Episode 17: Writing Better Description

Show Notes for Episode 17: Writing Better Description

Alone in a Room with Invisible People is a podcast focusing on topics related to writing, revising and publishing fiction.

This week I, (host Rebecca Galardo), discuss the topic of Writing Better Description with Author and Teacher Holly Lisle. We cover the issues many writers face with this topic, such as description that is: boring, too long, too detailed, unnecessary, etc.  We also discuss the most common questions – “What do I need to include?” and “How do I know when I have the right amount of description?”

Holly provides a very clear set of questions for yourself and actions that can help guide you through writing better description by knowing what is integral in each scene.

We take a look at the following:

  • Problems writers face with description
  • What good description is and is not
  • Questions to ask before writing description
  • How the process differs between First Draft and Revision
  • Why revising as you go is detrimental to every single writer – no exceptions.

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Mentioned in the Podcast

 

Social Links
Alone with Invisible People FORUM: https://hollyswritingclasses.com/forum/index.php?forums/our-podcast-alone-in-a-room-with-invisible-people.183/
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Our Website: https://www.aiarwip.com/ https://www.alonewithinvisiblepeople.com/
HollysWritingClasses: https://hollyswritingclasses.com/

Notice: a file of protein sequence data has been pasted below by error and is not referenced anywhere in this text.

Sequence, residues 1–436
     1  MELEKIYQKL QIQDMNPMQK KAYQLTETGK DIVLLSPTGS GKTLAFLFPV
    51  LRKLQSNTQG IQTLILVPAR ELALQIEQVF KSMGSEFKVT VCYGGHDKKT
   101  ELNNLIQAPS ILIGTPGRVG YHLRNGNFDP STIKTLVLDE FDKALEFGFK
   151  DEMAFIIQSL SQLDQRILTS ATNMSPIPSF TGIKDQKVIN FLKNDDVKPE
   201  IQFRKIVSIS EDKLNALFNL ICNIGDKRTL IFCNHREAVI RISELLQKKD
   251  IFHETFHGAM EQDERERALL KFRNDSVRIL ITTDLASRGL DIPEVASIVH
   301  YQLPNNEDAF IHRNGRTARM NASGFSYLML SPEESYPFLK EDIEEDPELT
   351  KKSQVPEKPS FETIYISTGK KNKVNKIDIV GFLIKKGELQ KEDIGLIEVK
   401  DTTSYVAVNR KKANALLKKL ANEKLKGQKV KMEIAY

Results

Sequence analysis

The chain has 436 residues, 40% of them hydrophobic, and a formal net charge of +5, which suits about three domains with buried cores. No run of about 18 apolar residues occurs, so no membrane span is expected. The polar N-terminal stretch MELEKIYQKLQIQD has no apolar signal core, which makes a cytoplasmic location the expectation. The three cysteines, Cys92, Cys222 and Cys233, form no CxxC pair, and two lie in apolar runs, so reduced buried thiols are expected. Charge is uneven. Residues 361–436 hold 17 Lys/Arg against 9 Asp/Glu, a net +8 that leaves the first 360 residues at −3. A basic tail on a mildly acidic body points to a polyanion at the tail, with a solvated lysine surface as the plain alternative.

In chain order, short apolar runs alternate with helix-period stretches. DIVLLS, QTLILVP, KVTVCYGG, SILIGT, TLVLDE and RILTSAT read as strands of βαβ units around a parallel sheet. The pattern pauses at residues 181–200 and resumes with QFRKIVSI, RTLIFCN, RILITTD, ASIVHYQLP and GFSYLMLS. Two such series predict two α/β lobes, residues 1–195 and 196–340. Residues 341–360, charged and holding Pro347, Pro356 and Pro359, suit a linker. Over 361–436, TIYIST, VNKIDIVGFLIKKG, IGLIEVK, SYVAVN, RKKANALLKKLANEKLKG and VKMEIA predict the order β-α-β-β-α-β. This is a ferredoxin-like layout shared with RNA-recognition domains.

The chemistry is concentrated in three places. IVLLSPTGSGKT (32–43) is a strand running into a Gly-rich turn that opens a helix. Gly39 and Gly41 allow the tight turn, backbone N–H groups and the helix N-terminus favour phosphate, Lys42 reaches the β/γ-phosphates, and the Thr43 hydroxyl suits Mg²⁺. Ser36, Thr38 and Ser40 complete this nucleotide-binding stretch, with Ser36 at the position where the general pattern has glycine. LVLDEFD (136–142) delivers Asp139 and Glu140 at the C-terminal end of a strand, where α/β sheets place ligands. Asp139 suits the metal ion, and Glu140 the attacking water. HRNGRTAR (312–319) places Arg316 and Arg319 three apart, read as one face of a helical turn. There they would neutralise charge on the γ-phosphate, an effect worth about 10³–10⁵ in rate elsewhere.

Holly’s Patreon: https://www.patreon.com/hollylisle/
Holly’s Personal Page: https://www.hollylisle.com/
Holly’s Blog: https://hollylisle.com/weblog/
Rebecca’s Personal Page: https://www.rebeccagalardo.com/
Rebecca’s Writing Blog: https://rebeccagalardowords.wordpress.com/

 

Credits:

Producer – Rebecca Galardo.  Sponsor – Holly’sWritingClasses.com.  Intro written by Holly Lisle and performed by Mark Hermann.

Our podcast is 100% free and sponsored only by Holly’s Writing Classes.

2 thoughts on “Episode 17: Writing Better Description”

    1. My take on this is simple. If words don’t mean what they mean, they’re useless.

      If literally means that something is real, and also means exactly the same thing as its antonym — figuratively, that something is not intended to be understood as real, then the word means nothing.

      So, no. I disagree with both Oxford Words and Dictionary.com.

      Saying the word is used in that context does not make the usage either correct or useful.

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